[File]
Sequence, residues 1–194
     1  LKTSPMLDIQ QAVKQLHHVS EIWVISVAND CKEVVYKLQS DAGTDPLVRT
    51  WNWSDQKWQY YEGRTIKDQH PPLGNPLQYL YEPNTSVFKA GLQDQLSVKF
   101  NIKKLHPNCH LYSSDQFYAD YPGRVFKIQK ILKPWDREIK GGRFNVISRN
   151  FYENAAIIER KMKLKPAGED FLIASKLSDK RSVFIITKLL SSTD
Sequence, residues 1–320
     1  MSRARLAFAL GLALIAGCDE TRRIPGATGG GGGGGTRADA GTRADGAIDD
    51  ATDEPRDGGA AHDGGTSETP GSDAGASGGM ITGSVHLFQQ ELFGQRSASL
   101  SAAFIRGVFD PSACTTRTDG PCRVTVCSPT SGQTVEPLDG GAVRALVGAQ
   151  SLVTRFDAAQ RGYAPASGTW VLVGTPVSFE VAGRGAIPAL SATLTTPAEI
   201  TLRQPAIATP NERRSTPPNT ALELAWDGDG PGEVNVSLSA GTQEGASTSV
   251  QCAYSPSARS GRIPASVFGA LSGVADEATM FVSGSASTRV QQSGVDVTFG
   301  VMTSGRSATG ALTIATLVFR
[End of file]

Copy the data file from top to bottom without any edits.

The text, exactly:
Sequence, residues 1–194
     1  LKTSPMLDIQ QAVKQLHHVS EIWVISVAND CKEVVYKLQS DAGTDPLVRT
    51  WNWSDQKWQY YEGRTIKDQH PPLGNPLQYL YEPNTSVFKA GLQDQLSVKF
   101  NIKKLHPNCH LYSSDQFYAD YPGRVFKIQK ILKPWDREIK GGRFNVISRN
   151  FYENAAIIER KMKLKPAGED FLIASKLSDK RSVFIITKLL SSTD
Sequence, residues 1–320
     1  MSRARLAFAL GLALIAGCDE TRRIPGATGG GGGGGTRADA GTRADGAIDD
    51  ATDEPRDGGA AHDGGTSETP GSDAGASGGM ITGSVHLFQQ ELFGQRSASL
   101  SAAFIRGVFD PSACTTRTDG PCRVTVCSPT SGQTVEPLDG GAVRALVGAQ
   151  SLVTRFDAAQ RGYAPASGTW VLVGTPVSFE VAGRGAIPAL SATLTTPAEI
   201  TLRQPAIATP NERRSTPPNT ALELAWDGDG PGEVNVSLSA GTQEGASTSV
   251  QCAYSPSARS GRIPASVFGA LSGVADEATM FVSGSASTRV QQSGVDVTFG
   301  VMTSGRSATG ALTIATLVFR